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Stardust
05-31-2017, 03:39 AM
HI,

Got a silly question... I keep on reading about "passes"... "render pass" "occlusion pass" "Shadow pass"...

What exactly is it? Why should I care?

Thnx

Sensei
05-31-2017, 04:12 AM
When you press F9/F10 normally there is rendered one RGBA image.
It's final image.
If you want to change something in it, you need to rerender.

Rendering in passes allows you to not have to rerender,
instead use compositing software.
f.e. you have some object too dark, too bright, wrong color.
Rerendering several minutes long animation can take long hours,
while fixing it in comp app, can take seconds.

Movie filmed in the real world, must be mixed with CG effects rendered in 3D app.
Merging them together is done in compositing software like Fusion.
https://www.blackmagicdesign.com/products/fusion

stiff paper
05-31-2017, 06:43 AM
Search on YouTube for "Render passes."

The results won't be specific to LW but that doesn't matter. Passes are an industry standard technique for being able to adjust your render in every way imaginable once it's in post production (i.e in After Effects or some other compositing package).

Ryan Roye
05-31-2017, 07:23 AM
What exactly is it? Why should I care?

In layman's terms:

You need "passes" in order to use programs (compositors) that will enable you to easily modify any aspect of a render without re-rendering in addition to providing high control over specific areas of images. It can be very difficult at times to get exactly the kind of imagery desired by relying on just the rendered images.

I recommend Fusion if you want to explore this topic, as it is among the best out there and free to boot.

Stardust
05-31-2017, 01:03 PM
Thank you guys!

So, since i'm basically re-learning Lightwave from scratch...

- I should dive completely into nodes
- Get used to a "pass" workflow

I've got Fusion and DaVinci and I'm startin to discover the power of it... mindblowing... I'm starting to look at LW render finals as "digital negatives"

In LW there's a plugin to save render buffers into PSD format, is that what "passes" are? What about other formats? I'm starting to like the OpenEXR format

GraphXs
05-31-2017, 04:19 PM
Yes the psd format does nest the passes. Though EXR is the best choice for that.

You can also just do the extra passes you need for your final render...like an AO pass, a depth pass (i use a fog instead) for depth of field and or fog.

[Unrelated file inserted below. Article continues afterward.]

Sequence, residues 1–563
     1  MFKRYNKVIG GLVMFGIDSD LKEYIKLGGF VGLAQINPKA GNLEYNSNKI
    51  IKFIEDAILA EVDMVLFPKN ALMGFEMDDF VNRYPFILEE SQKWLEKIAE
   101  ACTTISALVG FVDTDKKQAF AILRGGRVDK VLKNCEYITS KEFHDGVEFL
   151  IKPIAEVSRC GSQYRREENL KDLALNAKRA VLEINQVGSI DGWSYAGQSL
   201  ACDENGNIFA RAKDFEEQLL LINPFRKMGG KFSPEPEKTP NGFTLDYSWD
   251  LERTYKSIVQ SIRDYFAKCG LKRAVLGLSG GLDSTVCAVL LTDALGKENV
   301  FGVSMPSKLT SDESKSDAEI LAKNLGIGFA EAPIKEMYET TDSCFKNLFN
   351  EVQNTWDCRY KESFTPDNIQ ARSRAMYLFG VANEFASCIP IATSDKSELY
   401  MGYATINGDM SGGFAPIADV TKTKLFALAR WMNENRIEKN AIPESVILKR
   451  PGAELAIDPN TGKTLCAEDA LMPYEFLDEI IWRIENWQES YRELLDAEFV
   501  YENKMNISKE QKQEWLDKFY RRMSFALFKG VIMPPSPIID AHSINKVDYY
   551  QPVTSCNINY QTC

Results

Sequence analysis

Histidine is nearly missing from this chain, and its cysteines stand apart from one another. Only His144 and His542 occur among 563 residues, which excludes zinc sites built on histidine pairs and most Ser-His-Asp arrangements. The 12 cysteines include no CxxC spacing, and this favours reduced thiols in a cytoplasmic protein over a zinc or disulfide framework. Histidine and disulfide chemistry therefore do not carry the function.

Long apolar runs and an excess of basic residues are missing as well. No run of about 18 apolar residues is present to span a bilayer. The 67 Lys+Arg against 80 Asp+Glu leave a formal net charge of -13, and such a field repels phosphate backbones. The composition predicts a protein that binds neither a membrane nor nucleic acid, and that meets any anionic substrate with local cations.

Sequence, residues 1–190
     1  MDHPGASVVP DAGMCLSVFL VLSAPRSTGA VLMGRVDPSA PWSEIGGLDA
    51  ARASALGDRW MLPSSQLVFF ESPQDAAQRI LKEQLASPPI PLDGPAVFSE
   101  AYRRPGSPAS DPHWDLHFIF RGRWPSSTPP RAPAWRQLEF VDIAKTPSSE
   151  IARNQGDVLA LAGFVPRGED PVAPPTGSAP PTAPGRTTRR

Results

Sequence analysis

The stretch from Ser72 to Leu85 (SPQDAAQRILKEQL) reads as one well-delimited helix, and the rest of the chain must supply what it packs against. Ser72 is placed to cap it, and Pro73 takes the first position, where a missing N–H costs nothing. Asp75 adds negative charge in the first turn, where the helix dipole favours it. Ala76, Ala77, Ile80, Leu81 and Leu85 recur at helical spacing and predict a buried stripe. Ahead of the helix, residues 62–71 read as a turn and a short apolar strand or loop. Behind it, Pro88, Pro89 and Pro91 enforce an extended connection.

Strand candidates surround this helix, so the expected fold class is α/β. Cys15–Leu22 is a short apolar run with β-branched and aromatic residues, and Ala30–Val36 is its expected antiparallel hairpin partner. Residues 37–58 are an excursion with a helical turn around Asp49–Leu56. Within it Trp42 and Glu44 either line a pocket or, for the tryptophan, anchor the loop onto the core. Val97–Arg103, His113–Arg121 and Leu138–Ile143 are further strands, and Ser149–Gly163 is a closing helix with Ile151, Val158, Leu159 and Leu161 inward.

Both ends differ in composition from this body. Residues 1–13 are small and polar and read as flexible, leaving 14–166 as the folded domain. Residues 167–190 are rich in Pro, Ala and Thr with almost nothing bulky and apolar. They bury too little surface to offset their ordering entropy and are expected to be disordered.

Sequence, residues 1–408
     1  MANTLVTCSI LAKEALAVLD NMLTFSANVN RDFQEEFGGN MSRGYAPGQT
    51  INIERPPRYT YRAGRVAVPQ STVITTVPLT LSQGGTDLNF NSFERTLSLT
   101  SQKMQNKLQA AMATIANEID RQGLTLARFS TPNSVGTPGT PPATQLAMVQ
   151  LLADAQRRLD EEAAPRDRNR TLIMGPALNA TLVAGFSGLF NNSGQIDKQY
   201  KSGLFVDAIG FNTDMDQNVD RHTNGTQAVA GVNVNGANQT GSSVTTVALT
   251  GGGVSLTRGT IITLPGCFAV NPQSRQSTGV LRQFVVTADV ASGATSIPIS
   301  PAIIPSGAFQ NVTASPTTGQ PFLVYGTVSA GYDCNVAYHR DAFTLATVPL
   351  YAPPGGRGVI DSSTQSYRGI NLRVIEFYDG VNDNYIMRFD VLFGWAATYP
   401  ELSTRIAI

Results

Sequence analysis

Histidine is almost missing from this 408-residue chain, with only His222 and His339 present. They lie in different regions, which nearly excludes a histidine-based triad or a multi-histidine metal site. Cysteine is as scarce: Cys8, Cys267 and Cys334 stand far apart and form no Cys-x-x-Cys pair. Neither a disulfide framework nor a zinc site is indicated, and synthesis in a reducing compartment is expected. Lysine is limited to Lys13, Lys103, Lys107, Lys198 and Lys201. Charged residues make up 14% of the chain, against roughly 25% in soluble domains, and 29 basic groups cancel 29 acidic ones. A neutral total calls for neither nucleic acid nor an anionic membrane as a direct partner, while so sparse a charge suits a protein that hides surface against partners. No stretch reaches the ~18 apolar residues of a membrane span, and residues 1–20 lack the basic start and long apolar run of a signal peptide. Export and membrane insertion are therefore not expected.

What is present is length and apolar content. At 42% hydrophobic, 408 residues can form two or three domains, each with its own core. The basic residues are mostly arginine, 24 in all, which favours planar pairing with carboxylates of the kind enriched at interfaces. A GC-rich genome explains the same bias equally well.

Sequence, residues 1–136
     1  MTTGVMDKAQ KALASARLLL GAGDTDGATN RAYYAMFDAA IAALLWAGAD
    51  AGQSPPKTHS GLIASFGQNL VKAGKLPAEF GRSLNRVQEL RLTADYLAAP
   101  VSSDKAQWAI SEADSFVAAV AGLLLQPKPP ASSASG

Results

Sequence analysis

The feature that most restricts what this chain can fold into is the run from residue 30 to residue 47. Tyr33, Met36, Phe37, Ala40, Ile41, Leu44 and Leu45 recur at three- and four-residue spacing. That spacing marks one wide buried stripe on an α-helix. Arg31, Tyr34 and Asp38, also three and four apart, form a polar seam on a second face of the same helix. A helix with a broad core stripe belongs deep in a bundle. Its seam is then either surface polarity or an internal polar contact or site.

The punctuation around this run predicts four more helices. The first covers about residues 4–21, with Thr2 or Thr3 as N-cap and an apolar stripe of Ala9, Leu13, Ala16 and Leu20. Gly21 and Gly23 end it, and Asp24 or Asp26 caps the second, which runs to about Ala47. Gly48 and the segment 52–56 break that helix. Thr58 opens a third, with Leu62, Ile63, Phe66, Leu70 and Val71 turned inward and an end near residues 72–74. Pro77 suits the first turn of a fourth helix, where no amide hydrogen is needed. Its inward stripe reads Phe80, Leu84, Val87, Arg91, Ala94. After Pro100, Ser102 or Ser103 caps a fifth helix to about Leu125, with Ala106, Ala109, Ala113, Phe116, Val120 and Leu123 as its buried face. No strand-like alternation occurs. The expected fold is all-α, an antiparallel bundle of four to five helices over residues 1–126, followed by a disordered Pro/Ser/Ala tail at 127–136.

It just all depends on what you want to have control in post.
You can also jusr make custom mask pass...like for example you want a mask for the main character or object in a render. You could just render the character object a solid color and the rest of the items a different color. Then use that a a mask to cut out the character from the final pretty render.

Those passes would / could require a different lws and objects so you can change the materials.

Stardust
05-31-2017, 04:45 PM
From what I gather from the PSD plug-in....

LW internally renders an image at an insanly high bit depth, higher than RAW, but when saving it to a format it discards all information which is not used by this format, ergo doesn't it stand to reason that we would want to keep as much information as possible? ... or am I mistaken here with on how this "pass" thing works?

JohnMarchant
06-02-2017, 02:27 AM
Lernie Ang's Janus is great for this.

Surrealist.
06-03-2017, 09:09 AM
There is another plugin for passes. I don't have LW installed here where I am. But this option lets you save in other formats.

There is no hard rule about passes. But simply they are a way of isolating a rendering aspect you want control of.

And on a job by job basis those things might be different.

You don't have to feel you should always be rendering passes. This is a very time consuming process for fine tuning.

And it is also borne out of a time when rendering was less capable. So you will also find some artists and teams happy to develop workflows with modern rendering that don' use them.

I am not saying it is outdated. Or not used. But I think you should be using it to save time.

So if you find you are having to spend a lot of time tweaking things that could be done in post then this is where passes come into good use.

A great example is depth of field. And very often dof needs to be animated.

This is very time consuming to render and to preview to get right.

You can render out a depth pass which is a grey scale image based on the depth in the scene.

This can be used in AE to post process and animate DOF.

Working it out from there. Just try passes one at a time until you get the hang of what each one can do in post.

Passes can also be used to create masks . And there are a lot of uses for that to.

Have fun exploring.